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Men being raped by women

(32 Posts)
Mamagin Sun 26-Mar-17 15:00:59

This has just come up on my Facebook feed.
Via insufferably intolerant science nerd - I'm a bit dumbstruck at the concept that females are violating men in such huge numbers. I can't seem to link to the Facebook page, but the comments appear to agree that there are many such women out there. WTF?

Gingernaut Sun 26-Mar-17 15:13:24

The survey is American.

The survey makes no distinction between cis- and trans- women.

The term rape in this article also includes "made to penetrate".

In other words, men were forced to penetrate another person.

Here, in this country, rape is defined as being penetrated with a penis, so the definition of the offence differs.

The somewhat confused article also goes on to describe female victims of female sexual assaults. Behind bars.

Women can be sexual abusers. We knew this. How prevalent they actually are is anyone's guess.

This article doesn't clarify matters.

Mamagin Sun 26-Mar-17 15:16:40

Thanks for putting the link in, Gingernaut.
Even if you define as sexual abuse, I wouldn't have thought it equalled male on female abuse.

picklemepopcorn Sun 26-Mar-17 15:20:18

Rape in the use includes digital penetration as well, I believe.

Gingernaut Sun 26-Mar-17 15:26:18

They were very selective with their statistics and a lot of the evidence in the article was anecdotal.

I would like to see a 'proper' survey done, with comparisons made with male offenders, a break down in cis- and trans- female offenders and "conspiracy to" offences listed as well.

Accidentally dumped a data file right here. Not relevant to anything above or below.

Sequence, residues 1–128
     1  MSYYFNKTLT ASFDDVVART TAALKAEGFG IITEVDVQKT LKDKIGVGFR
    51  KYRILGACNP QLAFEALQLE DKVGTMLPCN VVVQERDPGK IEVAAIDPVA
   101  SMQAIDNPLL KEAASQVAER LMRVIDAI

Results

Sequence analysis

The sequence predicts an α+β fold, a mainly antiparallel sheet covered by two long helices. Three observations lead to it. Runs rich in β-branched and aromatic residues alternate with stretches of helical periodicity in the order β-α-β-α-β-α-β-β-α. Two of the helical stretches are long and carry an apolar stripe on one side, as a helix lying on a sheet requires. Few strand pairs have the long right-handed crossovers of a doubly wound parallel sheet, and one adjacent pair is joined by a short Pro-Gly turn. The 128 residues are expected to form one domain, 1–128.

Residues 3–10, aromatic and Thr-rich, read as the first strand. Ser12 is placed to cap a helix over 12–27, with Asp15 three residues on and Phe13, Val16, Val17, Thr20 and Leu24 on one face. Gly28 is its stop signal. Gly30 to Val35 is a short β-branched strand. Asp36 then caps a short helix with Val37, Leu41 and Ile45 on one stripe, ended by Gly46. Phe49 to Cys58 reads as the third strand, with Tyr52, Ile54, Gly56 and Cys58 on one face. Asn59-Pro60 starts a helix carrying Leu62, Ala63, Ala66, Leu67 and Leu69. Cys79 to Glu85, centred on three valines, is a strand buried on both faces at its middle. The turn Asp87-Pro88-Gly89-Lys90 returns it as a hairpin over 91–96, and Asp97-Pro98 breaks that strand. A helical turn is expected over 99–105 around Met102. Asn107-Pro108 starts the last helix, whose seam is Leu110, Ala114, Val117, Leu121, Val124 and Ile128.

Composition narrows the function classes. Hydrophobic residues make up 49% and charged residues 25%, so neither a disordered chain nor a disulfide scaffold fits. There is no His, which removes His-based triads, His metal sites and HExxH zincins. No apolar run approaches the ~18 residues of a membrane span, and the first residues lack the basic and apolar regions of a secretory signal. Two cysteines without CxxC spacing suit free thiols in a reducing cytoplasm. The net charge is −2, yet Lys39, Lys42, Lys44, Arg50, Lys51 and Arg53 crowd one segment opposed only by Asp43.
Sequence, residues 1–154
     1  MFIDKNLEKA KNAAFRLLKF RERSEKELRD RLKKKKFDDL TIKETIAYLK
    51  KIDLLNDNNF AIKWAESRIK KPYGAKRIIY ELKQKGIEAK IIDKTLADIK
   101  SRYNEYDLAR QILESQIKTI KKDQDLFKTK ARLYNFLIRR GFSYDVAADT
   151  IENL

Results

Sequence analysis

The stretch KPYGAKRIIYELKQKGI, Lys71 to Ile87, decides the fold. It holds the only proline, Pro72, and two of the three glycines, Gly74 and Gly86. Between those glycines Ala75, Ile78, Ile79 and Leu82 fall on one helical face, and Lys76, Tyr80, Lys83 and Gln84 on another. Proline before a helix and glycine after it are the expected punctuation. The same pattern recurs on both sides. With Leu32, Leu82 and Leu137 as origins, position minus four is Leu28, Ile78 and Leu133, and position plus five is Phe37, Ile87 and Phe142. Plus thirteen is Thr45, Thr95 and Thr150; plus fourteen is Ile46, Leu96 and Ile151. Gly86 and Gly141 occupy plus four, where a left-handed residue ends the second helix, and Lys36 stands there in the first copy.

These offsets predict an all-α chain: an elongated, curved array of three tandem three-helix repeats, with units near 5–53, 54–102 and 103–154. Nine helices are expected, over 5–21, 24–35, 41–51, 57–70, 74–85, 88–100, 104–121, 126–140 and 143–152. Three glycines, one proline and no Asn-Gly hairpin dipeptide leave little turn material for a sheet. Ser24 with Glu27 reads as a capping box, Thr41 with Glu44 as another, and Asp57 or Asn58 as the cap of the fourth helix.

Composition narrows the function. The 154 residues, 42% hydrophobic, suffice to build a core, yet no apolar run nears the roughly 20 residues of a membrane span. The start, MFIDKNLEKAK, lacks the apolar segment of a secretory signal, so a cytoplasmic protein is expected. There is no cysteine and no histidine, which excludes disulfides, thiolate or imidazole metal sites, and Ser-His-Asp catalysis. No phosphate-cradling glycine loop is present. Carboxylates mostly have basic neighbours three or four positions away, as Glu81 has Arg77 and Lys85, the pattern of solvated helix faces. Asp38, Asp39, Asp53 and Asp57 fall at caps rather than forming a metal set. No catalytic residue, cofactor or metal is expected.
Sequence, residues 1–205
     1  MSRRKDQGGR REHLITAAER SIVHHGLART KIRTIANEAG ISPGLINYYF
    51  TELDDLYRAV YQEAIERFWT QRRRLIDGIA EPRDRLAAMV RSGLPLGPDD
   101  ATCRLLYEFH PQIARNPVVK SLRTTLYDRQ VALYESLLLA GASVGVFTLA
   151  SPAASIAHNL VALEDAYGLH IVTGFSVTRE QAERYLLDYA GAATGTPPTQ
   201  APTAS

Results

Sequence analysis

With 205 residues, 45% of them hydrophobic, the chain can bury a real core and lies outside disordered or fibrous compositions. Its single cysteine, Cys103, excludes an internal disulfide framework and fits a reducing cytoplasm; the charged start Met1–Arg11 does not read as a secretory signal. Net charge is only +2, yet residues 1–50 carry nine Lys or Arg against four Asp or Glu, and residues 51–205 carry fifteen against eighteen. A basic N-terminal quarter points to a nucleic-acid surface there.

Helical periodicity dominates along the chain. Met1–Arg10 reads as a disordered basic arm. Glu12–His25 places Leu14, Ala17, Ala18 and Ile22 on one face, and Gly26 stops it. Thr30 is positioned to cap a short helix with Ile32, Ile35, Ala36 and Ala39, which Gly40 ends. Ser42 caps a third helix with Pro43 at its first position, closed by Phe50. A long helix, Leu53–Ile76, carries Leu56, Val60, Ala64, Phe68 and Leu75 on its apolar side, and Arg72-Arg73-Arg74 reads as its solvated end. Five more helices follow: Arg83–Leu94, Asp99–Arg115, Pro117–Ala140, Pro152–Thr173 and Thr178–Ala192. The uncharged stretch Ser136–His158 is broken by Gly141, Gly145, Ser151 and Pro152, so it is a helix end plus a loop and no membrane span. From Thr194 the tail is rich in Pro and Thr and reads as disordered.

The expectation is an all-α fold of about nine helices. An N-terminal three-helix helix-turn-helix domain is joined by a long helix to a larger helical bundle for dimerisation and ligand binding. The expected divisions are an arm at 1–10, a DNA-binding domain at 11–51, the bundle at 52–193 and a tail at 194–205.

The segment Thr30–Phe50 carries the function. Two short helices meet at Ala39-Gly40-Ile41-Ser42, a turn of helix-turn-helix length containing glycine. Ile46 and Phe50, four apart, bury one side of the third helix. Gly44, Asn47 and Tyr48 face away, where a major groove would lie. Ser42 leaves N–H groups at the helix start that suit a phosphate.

There is no doubt there are 'cis-female' offenders, but they are incapable of rape as defined in British law (although capable of sexual assault by penetrating with an object) and are more than capable of luring and grooming victims for rape by others and sex trafficking.

I am also thinking of women like Vanessa George who were part of child sex abuse 'gangs'.

Tartle Sun 26-Mar-17 15:29:10

So it includes being made to penetrate someone and the proportion of cases in which the person whom they are being made to penetrate is a woman but it is not clear to me that the person who is doing the making and the person who is being penetrated are the same? I'm thinking about gang scenarios etc.

This is an area that needs more and better research I'm sure as with all areas of sexual assault.

gamerchick Sun 26-Mar-17 15:32:55

Why the cis? It's woman or trans woman. People know the difference.

Gets right on my tit ends.

Gingernaut Sun 26-Mar-17 15:37:58

Yeah, I know the difference and you know the difference, but now the transvestites are now lumped in amongst all female offenders, those who compile the statistics don't differentiate and we have 'women' who are capable of rape as it's legally defined.

Dervel Sun 26-Mar-17 15:56:55